“Employees today are expecting more e-learning – the way we learn has changed,” adds Eaton. “Especially the younger generation, they have spent 2-1/2 years learning on Zoom because they weren’t allowed to go into schools during the pandemic. E-learning is becoming more acceptable and new technologies exist to help facilitate it, wherever you are.”

“We have members everywhere (e.g., from Humboldt to St John’s, Kamloops, Moncton, Sudbury and more) in virtually every small or large city or town. So, what is important to our association is that we provide value to all our members regardless of whether you are in a huge community, with lots of opportunities and colleges, or whether you are in a much more remote location. The new, hybrid e-learning could potentially be an important new tool for us and our members,” adds Eaton.

Consequently, the association has embarked on a Graphics Installation Technicians learning program involving 10 companies from coast-to-coast to evaluate this new form of training.

“I’m just excited about e-learning – not just in sign manufacturing, but just in manufacturing in general. I’ve been having a lot of discussions with affiliates in the U.S., and you sometimes wonder ‘is this a Canadian question’ or local question, but you realize the issue is everywhere, and this approach could be part of the solution,” says Eaton.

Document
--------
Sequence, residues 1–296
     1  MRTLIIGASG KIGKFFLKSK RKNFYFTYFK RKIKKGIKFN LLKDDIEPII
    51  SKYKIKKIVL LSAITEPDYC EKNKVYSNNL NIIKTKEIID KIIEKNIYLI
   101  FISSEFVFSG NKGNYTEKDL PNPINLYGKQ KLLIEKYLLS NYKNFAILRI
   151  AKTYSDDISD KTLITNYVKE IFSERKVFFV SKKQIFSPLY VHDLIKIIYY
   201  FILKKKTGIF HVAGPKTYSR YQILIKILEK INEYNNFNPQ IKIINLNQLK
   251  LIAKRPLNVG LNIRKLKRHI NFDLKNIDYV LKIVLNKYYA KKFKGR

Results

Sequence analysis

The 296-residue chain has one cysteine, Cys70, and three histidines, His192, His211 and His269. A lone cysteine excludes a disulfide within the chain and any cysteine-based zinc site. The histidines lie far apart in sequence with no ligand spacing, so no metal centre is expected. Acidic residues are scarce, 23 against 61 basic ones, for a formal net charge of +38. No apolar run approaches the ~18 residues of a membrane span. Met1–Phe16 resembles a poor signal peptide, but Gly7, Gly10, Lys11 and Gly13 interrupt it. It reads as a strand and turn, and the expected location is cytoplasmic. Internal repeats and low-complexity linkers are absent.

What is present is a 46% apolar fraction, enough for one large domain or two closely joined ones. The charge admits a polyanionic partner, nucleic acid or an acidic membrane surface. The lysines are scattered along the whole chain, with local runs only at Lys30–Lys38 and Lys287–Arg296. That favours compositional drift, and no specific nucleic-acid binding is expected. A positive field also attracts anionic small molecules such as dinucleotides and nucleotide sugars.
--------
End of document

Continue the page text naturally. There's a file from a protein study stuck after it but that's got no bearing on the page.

Upskilling and Training Mid-career Workers

WBLC also worked with the Federal government to examine the impact of e-learning programs on mid-career workers.

“The Future Skills Centre at one point approached us very focused on mid-career workers,” says Rod Jones, Managing Director of WBLC. “Their interest was to see whether or not workers, who had either been displaced or were at risk of being displaced in their current job situation, could transition into a new job situation and acquire the skills needed.”

Jones says the WBLC team was focused on whether mid-career people between 30 to 55 years of age, who had lost a job would, respond to this type of training. Would those people be amicable and comfortable with an e-learning environment? How would they adapt? Would they be comfortable with this kind of technology?

WBLC quickly discovered that it was a very effective tool for mid-career workers in transition as well as for experienced workers who hadn’t set foot in a school in 20, 30 or 40 years.

“The important thing is that our hybrid e-learning works, and it is effective with a wide range of workers,” adds Jones. “It was satisfying their needs and interests and has proven to be attractive to a wide range of job seekers and learners.”